A Year Without You: The Destructive Grief of Suicide Loss
It has been a year since you left, my lifelong friend and sister, one of the best parts of my soul. I want you to know some of the things I have learned since you departed so I write this open letter for anyone to read in hopes that wherever you may be, at least some of it will get back to you. This will also serve as a glimmer of hope for those forced into the kind of destructive grief that follows losing someone — a sibling, a friend, a family member — to suicide.
The last year was one of the hardest emotionally in my entire life. When you left and I fell, I didn’t know if I was strong enough to get back up. I didn’t know if I would ever stop sobbing or if I’d ever feel like me again. I didn’t know if I had it in me to survive this world without my big sister beside me. I didn’t know if I could parent my children in a way that was still wholesome and true. I really didn’t know if I would ever find my way back.
I have found in the last 12 months that I am allowed to be destroyed over this type of loss. That it is absolutely OK to lose my mind for a minute, get a hotel room, drink a 12-pack of beer and sit up all night crying while binging “Anne with an E.” It is not the best coping skill, so I also now know not to stay there. I have tried to be patient with myself even if somewhere deep inside of me there is a terrible sense of guilt for those who have had to carry me or my weight as a byproduct of my grief. Through this experience, I have learned what it is like to be loved in a very raw sense by those people.
I have also learned that nothing I could have said or done would have changed things for you and that this terrible sense of guilt for being angry with you when you died will one day dissipate. It may take the rest of my life, but I can slowly feel that part of me healing. You were at rock bottom and I refused to see it. I am sorry. I took your strength for granted and thought you would pull out of it just as you had many times before. Turns out, I was wrong.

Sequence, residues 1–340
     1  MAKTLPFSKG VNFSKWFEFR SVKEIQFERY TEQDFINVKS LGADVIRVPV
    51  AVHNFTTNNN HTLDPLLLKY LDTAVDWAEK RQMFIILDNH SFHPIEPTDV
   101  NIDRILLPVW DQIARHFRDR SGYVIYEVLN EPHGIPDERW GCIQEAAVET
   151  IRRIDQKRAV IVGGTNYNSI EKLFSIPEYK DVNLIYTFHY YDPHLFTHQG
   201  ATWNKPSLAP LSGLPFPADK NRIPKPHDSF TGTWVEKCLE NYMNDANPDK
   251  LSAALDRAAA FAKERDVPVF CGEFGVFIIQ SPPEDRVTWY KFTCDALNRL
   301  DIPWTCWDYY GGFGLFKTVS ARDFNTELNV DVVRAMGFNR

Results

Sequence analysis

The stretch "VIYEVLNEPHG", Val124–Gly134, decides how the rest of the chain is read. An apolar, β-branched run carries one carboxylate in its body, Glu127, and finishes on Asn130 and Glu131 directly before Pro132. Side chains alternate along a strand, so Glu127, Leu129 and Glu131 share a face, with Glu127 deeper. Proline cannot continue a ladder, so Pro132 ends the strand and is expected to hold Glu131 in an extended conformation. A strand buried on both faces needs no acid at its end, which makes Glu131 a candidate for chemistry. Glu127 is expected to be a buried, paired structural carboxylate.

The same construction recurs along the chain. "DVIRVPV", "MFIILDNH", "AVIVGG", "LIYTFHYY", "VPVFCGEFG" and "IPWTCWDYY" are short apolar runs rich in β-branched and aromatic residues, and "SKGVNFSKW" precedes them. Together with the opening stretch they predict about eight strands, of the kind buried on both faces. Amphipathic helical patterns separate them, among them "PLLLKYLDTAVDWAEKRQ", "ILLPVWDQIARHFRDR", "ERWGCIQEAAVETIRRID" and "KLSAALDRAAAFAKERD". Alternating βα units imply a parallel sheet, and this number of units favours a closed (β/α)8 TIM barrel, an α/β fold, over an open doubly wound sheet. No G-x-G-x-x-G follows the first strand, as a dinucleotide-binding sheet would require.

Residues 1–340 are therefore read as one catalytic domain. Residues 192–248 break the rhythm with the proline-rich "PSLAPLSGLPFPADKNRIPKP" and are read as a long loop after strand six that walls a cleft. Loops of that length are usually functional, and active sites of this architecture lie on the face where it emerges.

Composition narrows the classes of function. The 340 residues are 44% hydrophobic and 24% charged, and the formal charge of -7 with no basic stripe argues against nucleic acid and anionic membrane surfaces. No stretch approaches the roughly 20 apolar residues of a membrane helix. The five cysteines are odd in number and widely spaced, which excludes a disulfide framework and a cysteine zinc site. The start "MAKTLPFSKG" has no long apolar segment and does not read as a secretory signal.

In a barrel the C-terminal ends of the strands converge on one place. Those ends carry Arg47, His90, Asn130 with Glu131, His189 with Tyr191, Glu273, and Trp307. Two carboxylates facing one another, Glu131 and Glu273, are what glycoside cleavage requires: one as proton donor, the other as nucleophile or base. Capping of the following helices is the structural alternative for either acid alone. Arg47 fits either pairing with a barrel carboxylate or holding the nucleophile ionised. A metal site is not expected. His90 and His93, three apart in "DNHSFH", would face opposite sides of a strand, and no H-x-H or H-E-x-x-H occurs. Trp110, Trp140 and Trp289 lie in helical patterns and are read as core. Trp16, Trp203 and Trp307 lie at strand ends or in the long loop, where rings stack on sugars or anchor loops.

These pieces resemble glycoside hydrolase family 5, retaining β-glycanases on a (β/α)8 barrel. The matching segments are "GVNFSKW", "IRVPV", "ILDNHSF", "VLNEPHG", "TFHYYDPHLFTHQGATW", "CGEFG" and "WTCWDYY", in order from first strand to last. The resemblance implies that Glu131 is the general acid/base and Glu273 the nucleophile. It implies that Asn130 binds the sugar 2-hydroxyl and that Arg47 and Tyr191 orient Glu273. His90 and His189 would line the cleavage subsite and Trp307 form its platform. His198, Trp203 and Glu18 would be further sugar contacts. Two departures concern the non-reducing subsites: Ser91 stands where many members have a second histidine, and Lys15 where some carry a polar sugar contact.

I have learned that my mental illness is real and can be dangerous, so I decided the repetitive thoughts about suicide that have ravaged my brain and my heart for most of my life are not allowed to live there anymore. These thoughts are not invited to the party. I’ve mostly determined this in my decision to live mostly for myself but also for the part of me that houses you.
I have decided to start living again, to seek out comforts in our happiest memories. When I take a breath, I do it with the intention of not only myself feeling the crisp cool autumn energy that fills my lungs, but also for you to feel it in the space you keep in my heart. I know you are with every step I take and the things you could not see or love about this life, I will see or love for the both of us. My hope is that wherever your full spirit resides, it sees and feels the love and appreciation I have for this life. I hope that you feel my joy, laughter, nostalgia, and appreciation for having the chance to show you what this life should have given you in yours. I hope to show you that you deserved so much from this life and it’s not fair that you weren’t given the chance to feel that.
It was hard to get back up after you left, but I tried every day. I hope you are proud of me. I hope you know that the only anger I hold comes from the knowledge that I will never get you back. I have lost one of my greatest friends and protectors, but I also hope you know that I know you are with me, carrying me through the rough stuff because you know that only on the other side of said rough stuff is the reason I still belong in this body, on this earth, in this lifetime with these people I so love and adore.
In closing, I will say that I have also learned that I will not stop grieving your loss and that I miss you more that I can put into words, but with that comes the knowledge that it is time for the best part of this life to begin for me. Though I am sad that you are not here to live it with me, you are walking beside me taking it all in as I walk my path. Thank you for filling me with strength and love and intention. I promise, I’ll do my best.
Getty image by Liusia Voloshka